After the Empire

by Emmanuel Todd
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Emmanuel Todd's After the Empire quite explicitly relies on analogies with other cultures such as ancient Greece and Rome. How do such analogies affect and influence his case, and how do such analogies correspond to one's understanding of the ancient world?

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The first assumption in Emmanuel Todd's After the Empire is that the United States is an empire, and while there is plenty of evidence to support this, it is debatable. The US has infiltrated the territory of other countries by ostensibly bringing democracy, but it has also participated in...

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The first assumption in Emmanuel Todd's After the Empire is that the United States is an empire, and while there is plenty of evidence to support this, it is debatable. The US has infiltrated the territory of other countries by ostensibly bringing democracy, but it has also participated in protracted military engagements, then left the invaded country to pick up the pieces (El Salvador, Iraq). In the modern era, from the mid-1800s on and certainly after World War I, the US has been among the most powerful nations on earth. After World War II, partially due to the demise of Germany and the devastation of Europe, the US became the nation with the biggest economy and most powerful military on the planet. Although the USSR (United Soviet Socialist Republics) had a large land mass, huge amounts of natural resources, and technological innovation, the economy of the USSR and its lack of political stability made it a competing "superpower" for only a few decades. In the mid-1980s, the Berlin Wall fell, and the US became the only superpower.

Todd makes analogies with Ancient Greek and Roman societies in claiming the US is the lone empire, dominating all other countries. This is a limited analogy for the following reasons. Greek culture, while dominating large areas until the rise of Rome and the culmination of its stability in "Pax Romana" (Roman Peace) around 100 CE, did not have much competition. Greece, especially Athens, dominated intellectual life and science, but their empire had limited and fragmented military power. The Roman Empire has more similarities with the US, in its far global reach and military dominance.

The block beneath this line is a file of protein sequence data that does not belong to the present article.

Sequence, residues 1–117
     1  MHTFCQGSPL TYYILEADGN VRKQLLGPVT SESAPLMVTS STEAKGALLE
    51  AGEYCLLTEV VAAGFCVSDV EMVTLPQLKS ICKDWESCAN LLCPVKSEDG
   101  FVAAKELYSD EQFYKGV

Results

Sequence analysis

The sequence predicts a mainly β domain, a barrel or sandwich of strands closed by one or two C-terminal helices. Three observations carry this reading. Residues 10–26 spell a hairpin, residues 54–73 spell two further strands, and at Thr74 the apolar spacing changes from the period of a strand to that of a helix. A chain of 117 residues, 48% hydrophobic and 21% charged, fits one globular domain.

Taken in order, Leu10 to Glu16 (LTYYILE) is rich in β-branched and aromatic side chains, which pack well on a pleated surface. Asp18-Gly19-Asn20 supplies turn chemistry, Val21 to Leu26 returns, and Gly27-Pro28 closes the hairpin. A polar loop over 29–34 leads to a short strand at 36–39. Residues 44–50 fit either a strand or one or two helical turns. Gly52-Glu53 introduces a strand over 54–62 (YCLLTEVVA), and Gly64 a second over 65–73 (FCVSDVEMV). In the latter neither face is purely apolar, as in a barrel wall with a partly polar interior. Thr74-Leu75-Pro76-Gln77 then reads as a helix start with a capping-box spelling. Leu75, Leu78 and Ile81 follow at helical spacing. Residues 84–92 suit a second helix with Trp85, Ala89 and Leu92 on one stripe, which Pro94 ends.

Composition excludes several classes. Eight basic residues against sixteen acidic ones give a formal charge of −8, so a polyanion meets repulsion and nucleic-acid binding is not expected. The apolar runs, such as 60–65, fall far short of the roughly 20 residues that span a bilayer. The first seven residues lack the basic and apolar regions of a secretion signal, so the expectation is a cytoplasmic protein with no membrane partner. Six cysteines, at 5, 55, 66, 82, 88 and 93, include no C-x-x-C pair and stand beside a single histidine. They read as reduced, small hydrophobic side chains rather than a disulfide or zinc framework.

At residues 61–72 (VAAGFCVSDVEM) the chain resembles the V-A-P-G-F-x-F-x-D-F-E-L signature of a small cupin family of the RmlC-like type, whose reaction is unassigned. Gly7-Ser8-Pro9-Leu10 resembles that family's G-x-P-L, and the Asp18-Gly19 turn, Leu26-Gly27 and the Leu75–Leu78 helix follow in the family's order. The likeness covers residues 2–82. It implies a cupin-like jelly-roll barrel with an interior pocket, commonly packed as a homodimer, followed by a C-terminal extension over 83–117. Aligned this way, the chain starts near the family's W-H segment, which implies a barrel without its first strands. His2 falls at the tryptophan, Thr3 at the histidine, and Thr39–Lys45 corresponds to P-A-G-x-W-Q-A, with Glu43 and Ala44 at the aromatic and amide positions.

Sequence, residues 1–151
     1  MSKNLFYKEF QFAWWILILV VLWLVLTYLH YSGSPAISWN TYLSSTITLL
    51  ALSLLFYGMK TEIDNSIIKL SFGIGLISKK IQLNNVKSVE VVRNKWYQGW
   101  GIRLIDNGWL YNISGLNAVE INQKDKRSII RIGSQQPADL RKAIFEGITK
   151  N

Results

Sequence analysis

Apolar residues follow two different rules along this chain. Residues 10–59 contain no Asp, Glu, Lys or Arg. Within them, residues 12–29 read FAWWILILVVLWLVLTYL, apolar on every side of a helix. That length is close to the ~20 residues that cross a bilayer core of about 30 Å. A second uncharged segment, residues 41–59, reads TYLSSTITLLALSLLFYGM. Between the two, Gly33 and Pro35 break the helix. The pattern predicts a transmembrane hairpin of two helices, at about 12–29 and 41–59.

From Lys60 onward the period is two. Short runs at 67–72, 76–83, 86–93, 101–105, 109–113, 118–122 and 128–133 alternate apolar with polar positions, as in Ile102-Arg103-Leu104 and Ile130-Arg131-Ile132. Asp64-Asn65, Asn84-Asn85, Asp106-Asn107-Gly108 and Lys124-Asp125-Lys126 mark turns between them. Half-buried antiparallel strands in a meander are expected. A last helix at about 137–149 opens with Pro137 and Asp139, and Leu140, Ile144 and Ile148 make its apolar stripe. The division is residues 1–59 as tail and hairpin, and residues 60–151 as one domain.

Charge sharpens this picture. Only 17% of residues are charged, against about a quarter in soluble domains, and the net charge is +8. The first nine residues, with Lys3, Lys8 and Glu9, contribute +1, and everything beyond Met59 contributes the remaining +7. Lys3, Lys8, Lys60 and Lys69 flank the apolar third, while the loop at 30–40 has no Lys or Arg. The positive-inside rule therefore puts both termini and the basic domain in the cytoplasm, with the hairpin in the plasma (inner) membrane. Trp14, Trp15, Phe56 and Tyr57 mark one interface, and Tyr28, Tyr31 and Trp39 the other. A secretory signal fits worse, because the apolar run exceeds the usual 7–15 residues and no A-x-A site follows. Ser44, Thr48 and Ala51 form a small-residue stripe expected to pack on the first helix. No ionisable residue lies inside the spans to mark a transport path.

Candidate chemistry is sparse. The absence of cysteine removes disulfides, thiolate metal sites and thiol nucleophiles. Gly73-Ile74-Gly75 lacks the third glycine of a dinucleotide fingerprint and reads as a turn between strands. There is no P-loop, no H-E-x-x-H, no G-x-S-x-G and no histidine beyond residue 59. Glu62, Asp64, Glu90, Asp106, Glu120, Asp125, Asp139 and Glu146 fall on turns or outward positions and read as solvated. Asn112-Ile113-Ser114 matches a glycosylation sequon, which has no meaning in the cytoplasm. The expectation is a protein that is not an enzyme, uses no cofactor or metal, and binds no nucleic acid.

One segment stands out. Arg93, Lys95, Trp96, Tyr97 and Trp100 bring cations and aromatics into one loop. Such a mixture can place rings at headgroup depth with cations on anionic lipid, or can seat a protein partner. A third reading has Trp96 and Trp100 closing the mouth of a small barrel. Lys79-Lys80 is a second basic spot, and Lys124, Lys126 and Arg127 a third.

Like the Romans, the US has been in a position of power for more than two hundred years, has exported its culture around the world, and has successfully assimilated many other cultures through immigration. On the negative side, the US has an eroding middle class that is burdened by taxation and a fondness for "bread and circuses" (entertainment) that distracts the populace from participating in government. The US is unlike the Romans in significant ways, however. The US no longer practices slavery, arguably does not have a dominant religion (Christianity), and is losing economic ground to China relatively slowly. Because of its relative geographic isolation, the US has never been invaded. In the current global economy, the interdependence of nations means the likelihood of a war that would crush the US or invade its boundaries is unlikely. The Roman Empire was defeated from within due to corruption of its leaders but was also overcome by invading forces that sacked Rome, and this scenario is unlikely in the US. Overall, analogies with the Roman Empire are strong, but global forces in the modern age have moved warfare far beyond simply invading geographic boundaries.

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